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History of the Basque language

Basque (/bæsk,bɑːsk/;[1] euskara [eus̺ˈkaɾa]) is a pre-Indo-European language spoken in the Basque Country, extending over a strip along eastern areas of the Bay of Biscay in Spain and France, straddling the western Pyrenees. It is classified as a language isolate, having no demonstrable genetic relation to any other known language, with the sole exception of Aquitanian, which is generally considered to be an ancestral form of Basque.[2][3]

Map of Basque's postulated geographic retreat since Roman times

Basque has been hypothesized to be the last remnant of a pre-Indo-European language family once spoken widely in Western Europe.[4] By the Roman period, much of Western Europe was Indo-European-speaking, but toponyms, personal names, and inscriptions attest to the presence of languages with Basque-like morphology and lexical roots around the Pyrenees. Since the Early Middle Ages, Basque has receded geographically, and for the past 400 years it has been largely confined to the Basque Country. Basque has both influenced and been influenced by its geographical neighbor languages, exchanging both loanwords and structures.[citation needed]

Basque venturers took their language overseas since the 16th century, especially into the Americas, where it came to be diluted in the larger, prevailing colonial languages, like Spanish, French, or English. Basque remained until the late-20th century a language steeped in oral tradition and little use in writing, with its first written book attested in 1545, the Linguae Vasconum Primitiae. Basque was never used for official documents, and came to be gradually excluded as an oral communication language from governing, educative, administrative bodies, and finally also from Church. During the 20th century, scholars, writers and activists endeavoured to develop a long-discussed aspiration to create a unified, formal standard, which finally crystallized in standard Basque (euskara batua) as of 1968.[citation needed]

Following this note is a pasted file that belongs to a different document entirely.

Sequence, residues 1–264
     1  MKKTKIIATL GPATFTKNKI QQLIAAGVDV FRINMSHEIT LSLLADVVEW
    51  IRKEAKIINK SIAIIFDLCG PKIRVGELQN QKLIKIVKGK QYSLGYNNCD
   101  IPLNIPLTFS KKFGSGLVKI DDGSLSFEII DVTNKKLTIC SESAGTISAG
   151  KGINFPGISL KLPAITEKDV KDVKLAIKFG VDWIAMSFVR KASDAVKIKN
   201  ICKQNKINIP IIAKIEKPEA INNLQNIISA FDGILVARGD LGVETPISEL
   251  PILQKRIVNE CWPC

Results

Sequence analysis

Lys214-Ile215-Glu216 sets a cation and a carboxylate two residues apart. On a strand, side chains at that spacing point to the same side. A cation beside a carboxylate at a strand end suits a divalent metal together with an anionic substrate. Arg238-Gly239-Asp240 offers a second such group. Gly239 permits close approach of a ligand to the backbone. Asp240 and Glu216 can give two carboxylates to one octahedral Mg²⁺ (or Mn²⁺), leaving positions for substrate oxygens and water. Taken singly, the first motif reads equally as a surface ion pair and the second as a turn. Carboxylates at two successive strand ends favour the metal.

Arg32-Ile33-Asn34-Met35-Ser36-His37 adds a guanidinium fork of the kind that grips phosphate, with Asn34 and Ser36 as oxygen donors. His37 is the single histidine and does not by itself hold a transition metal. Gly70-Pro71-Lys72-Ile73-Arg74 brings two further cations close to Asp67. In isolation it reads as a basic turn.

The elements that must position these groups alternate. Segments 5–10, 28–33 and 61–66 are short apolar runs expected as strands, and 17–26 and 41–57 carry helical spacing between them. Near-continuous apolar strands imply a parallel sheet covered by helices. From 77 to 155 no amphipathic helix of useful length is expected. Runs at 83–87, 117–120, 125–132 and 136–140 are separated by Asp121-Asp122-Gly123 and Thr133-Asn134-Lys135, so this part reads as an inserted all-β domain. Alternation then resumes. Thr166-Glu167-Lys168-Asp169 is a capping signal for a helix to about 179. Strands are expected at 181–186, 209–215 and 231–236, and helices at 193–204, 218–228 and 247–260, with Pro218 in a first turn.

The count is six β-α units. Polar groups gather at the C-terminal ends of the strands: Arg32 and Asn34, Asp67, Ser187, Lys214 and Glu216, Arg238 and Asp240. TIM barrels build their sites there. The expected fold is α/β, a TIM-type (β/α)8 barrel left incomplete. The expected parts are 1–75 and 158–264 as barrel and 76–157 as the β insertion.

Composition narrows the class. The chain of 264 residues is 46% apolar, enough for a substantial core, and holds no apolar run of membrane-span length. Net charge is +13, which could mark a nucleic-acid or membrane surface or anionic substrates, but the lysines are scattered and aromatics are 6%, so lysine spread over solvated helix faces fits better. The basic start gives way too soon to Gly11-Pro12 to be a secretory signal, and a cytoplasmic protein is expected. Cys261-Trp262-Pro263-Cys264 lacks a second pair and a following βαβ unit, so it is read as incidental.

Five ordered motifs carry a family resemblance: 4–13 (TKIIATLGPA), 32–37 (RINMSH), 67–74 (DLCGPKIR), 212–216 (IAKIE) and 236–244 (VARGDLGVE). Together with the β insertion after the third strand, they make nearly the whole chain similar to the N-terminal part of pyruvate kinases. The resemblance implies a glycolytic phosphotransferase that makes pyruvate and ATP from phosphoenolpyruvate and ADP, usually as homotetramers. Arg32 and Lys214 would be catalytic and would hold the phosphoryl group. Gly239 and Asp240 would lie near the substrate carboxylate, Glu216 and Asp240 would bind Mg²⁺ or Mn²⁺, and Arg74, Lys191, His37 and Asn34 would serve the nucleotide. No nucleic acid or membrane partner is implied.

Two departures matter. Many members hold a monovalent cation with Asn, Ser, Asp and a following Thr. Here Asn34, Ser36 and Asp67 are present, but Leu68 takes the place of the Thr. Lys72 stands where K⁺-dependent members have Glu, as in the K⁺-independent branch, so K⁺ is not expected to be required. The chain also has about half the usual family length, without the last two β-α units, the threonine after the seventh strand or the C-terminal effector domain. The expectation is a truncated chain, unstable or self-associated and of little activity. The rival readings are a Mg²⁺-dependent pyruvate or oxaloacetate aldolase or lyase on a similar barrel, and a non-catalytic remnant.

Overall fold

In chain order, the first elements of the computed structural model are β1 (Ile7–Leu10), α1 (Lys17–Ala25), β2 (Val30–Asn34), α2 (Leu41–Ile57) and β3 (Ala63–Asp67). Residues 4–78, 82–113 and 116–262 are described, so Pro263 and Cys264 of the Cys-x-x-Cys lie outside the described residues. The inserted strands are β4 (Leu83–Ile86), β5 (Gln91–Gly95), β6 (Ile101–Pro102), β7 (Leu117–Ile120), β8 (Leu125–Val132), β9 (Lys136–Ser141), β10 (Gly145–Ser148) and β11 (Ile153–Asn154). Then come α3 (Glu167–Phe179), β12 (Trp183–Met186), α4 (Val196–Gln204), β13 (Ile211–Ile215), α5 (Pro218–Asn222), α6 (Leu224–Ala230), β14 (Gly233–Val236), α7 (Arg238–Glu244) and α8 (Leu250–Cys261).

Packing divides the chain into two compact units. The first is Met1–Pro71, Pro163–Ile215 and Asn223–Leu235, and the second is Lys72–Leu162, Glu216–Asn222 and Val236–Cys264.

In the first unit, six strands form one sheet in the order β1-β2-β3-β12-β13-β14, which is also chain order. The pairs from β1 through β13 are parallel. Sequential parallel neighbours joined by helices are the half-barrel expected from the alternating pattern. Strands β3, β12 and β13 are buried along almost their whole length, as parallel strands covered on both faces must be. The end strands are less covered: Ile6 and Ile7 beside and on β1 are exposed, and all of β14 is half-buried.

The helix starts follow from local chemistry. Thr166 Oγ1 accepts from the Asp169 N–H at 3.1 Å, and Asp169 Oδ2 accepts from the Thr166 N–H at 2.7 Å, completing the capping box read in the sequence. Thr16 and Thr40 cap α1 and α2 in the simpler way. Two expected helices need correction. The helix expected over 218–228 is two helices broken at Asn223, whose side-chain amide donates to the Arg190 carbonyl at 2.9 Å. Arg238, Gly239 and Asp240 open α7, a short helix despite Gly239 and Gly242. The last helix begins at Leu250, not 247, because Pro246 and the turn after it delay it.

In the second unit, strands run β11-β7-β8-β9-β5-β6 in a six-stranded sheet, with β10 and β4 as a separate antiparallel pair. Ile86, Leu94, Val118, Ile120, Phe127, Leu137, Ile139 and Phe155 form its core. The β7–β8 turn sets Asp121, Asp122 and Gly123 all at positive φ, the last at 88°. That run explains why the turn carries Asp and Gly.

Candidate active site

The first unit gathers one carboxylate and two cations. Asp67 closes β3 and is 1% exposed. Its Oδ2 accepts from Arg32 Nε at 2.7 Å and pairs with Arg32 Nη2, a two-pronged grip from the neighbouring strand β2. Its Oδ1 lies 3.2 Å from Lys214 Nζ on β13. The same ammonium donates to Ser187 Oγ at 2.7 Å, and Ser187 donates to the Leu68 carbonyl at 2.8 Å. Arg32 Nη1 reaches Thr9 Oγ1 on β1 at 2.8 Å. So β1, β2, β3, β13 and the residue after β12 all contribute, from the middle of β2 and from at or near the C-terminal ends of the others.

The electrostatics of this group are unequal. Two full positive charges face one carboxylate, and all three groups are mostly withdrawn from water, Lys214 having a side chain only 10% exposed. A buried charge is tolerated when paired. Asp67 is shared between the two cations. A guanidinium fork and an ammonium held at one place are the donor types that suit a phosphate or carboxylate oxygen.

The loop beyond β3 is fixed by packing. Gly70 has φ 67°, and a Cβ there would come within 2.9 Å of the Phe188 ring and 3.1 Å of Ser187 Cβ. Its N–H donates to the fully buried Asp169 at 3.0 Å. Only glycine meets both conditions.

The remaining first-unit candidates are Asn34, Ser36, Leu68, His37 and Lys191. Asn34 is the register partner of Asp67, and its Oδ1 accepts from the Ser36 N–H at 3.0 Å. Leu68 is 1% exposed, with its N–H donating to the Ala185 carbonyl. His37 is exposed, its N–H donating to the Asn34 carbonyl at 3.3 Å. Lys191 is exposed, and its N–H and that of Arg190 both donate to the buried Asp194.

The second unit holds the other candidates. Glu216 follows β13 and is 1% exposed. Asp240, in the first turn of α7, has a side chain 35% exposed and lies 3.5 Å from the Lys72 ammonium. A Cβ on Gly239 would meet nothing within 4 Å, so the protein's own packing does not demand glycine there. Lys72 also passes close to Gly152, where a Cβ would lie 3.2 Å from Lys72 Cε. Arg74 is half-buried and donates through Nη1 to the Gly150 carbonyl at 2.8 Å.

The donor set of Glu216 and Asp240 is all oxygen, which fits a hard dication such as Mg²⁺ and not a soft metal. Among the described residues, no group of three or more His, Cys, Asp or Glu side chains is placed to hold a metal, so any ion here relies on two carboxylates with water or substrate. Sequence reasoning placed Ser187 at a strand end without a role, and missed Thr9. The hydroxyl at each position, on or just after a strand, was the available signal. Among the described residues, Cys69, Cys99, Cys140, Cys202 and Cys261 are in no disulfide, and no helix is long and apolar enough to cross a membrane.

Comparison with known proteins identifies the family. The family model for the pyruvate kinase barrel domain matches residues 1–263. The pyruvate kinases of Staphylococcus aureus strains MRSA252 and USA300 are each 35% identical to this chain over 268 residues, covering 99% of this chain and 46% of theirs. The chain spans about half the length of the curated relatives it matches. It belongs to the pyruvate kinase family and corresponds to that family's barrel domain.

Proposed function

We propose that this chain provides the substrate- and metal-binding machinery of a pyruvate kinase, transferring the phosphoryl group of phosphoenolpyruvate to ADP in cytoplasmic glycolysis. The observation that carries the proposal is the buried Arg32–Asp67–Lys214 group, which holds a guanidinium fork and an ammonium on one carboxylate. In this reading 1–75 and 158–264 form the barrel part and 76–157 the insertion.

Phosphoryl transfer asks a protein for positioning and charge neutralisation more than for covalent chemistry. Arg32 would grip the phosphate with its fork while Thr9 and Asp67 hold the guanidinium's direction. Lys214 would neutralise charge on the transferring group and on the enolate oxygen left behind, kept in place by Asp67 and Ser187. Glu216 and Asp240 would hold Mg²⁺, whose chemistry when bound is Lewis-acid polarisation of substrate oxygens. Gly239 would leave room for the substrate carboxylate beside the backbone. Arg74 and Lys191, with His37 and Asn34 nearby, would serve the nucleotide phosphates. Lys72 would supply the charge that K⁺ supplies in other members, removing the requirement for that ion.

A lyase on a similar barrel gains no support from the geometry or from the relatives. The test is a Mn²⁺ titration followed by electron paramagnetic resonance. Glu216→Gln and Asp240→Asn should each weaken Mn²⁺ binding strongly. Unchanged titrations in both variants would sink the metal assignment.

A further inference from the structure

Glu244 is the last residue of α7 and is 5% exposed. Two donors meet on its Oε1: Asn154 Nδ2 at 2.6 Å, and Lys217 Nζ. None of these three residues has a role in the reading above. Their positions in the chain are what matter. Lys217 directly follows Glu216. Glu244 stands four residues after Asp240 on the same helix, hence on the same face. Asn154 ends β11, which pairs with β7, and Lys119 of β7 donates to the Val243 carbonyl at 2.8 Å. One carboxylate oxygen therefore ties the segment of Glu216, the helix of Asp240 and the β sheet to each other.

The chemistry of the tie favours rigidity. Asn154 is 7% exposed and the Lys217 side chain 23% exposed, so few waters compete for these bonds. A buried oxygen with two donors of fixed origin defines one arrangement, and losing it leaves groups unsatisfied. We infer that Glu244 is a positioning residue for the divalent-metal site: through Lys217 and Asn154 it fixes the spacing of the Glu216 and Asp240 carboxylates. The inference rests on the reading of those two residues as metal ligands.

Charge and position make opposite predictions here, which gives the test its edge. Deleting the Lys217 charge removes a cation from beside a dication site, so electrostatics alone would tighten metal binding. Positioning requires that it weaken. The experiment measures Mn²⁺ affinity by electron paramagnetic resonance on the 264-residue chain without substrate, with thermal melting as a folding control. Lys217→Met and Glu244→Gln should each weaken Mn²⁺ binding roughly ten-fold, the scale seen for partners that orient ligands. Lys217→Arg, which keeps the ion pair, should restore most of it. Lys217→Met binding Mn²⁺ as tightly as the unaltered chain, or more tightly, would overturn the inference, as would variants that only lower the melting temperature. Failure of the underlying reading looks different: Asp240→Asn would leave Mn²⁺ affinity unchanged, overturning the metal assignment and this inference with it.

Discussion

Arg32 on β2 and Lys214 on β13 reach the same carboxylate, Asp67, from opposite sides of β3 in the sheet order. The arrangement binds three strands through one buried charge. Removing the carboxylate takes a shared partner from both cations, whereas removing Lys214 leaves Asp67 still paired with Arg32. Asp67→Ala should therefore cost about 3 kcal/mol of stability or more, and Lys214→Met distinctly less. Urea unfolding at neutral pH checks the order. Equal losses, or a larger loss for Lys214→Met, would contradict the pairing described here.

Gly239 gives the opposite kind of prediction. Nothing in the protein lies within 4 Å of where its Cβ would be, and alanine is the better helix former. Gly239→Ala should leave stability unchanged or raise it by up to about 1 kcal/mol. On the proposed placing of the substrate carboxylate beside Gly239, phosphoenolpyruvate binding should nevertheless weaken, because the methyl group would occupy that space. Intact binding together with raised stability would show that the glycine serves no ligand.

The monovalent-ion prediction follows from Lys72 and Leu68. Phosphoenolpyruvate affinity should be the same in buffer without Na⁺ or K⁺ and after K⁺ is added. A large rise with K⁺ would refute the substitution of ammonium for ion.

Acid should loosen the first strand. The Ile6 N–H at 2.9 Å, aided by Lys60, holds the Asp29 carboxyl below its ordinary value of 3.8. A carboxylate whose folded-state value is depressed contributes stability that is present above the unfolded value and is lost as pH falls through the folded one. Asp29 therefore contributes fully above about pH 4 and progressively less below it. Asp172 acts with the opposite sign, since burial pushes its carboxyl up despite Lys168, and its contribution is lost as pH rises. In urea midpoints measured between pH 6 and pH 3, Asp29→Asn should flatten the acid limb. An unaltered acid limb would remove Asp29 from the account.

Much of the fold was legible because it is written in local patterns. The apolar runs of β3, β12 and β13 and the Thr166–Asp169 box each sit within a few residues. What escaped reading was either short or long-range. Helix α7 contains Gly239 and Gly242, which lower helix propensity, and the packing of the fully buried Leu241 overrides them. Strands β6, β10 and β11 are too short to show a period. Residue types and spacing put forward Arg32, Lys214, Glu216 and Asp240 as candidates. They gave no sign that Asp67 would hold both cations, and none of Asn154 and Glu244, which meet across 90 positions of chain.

See also

Notes

  1. ^ "Basque". Oxford English Dictionary (Online ed.). Oxford University Press. (Subscription or participating institution membership required.); [bæsk] is the US pronunciation, in British English it is [bask] or [bɑːsk].
  2. ^ Trask 1997, p. 35.
  3. ^ Lakarra 2017, pp. 60–61.
  4. ^ Trask 1997, p. 10.

References

  • Lakarra, Joseba A. (2017). "Basque and the Reconstruction of Isolated Languages". In Campbell, Lyle (ed.). Language Isolates. London: Routledge. pp. 59–99.
  • Trask, Robert Lawrence (1997). The History of Basque. Psychology Press. ISBN 9780415131162.

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